Chilli a hot prospect as medication

HILLI could one day replace aspirin for the prevention and treatment of diabetes and cardiovascular disease, according to University of Tasmania scientists who are looking at the way the spicy fruit affects the blood.A research fellow at the university’s school of life sciences, Kiran Ahuja, said the two active ingredients in chilli – capsaicin and dihydrocapsaicin – have the potential to lower blood glucose and insulin levels, reduce the formation of fatty deposits in artery walls and prevent blood clots.Cardiovascular disease is one of the leading causes of death in developed countries.”We have tested capsaicin and that shows an effect on platelet aggregation, or the clotting of blood,” Dr Ahuja said.She said her research, which used chilli paste to minimise seasonal or batch variation, had not come across any side effects of chilli. In fact some studies had suggested chilli actually reduced the damage caused by aspirin.When it came to early-stage diabetes, when the pancreas overproduced insulin in an attempt to help the body absorb glucose, Dr Ahuja’s research suggested consuming chilli resulted in the body producing less insulin, while the glucose was still used efficiently.”It may actually delay or prevent the onset of diabetes,” she said.But for those wondering just how much chilli to add to their stir fry, Dr Ahuja said that’s still to be established.”It depends on how hot the chilli is, as the hotter it is, the more capsaicin it has.”Dr Ahuja, who has been working in this research area since 2003, has received $16,400 in funding from the University of Tasmania to continue the project, which will include comparing the effectiveness of chilli and aspirin on blood thinning.She also hopes to establish what amount of chilli would have the same effect on blood clotting as a standard dose of aspirin. The work is due to be completed by late next year.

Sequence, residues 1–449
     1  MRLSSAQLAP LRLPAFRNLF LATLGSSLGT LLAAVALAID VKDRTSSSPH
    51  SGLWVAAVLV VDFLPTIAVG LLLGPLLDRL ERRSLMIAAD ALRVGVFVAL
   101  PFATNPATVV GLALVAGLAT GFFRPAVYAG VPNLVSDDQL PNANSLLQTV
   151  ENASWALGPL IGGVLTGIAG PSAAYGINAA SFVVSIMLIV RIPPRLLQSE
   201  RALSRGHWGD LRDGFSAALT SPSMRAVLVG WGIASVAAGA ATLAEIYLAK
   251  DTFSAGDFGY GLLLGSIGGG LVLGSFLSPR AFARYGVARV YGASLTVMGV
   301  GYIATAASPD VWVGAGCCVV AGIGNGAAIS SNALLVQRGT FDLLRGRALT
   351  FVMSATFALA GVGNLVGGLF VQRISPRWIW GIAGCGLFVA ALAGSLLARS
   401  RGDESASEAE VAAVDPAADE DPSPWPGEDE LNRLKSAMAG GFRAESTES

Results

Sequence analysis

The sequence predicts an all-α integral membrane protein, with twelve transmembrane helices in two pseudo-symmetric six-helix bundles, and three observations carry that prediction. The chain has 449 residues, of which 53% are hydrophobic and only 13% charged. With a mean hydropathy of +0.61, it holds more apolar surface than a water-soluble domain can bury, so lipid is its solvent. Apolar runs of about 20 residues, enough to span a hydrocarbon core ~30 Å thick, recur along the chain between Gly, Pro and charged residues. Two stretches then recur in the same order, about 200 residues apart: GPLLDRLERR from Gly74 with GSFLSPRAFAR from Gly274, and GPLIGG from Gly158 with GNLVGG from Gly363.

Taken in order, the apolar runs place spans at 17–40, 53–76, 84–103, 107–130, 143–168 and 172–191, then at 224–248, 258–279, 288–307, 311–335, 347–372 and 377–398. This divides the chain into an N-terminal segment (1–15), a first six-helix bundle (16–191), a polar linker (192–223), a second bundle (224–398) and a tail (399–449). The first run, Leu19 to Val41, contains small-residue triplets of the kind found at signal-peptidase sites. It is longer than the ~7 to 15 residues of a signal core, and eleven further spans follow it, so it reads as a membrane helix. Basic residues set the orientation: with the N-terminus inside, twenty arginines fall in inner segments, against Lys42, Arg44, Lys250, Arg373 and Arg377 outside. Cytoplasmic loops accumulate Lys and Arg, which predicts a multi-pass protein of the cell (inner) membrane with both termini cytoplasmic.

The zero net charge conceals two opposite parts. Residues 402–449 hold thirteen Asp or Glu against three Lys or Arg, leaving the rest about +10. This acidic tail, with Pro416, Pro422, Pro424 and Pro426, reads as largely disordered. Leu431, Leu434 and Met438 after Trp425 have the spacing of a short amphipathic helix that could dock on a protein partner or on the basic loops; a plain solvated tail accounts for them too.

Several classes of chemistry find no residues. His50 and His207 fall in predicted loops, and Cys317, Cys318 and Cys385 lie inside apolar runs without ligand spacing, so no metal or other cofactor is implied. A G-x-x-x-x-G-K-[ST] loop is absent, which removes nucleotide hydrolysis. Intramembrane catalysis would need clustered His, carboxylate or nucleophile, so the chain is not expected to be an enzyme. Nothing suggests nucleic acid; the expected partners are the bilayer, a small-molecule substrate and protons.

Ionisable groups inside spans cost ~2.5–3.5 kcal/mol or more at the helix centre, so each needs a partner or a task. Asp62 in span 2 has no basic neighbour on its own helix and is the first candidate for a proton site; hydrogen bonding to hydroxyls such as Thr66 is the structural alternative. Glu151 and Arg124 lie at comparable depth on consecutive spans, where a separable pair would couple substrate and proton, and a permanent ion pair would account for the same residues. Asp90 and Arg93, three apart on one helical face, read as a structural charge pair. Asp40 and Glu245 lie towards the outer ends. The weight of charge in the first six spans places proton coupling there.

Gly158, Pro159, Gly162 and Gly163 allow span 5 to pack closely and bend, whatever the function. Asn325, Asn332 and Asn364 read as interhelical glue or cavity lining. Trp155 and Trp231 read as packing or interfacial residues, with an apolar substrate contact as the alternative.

Nanjing Night Net

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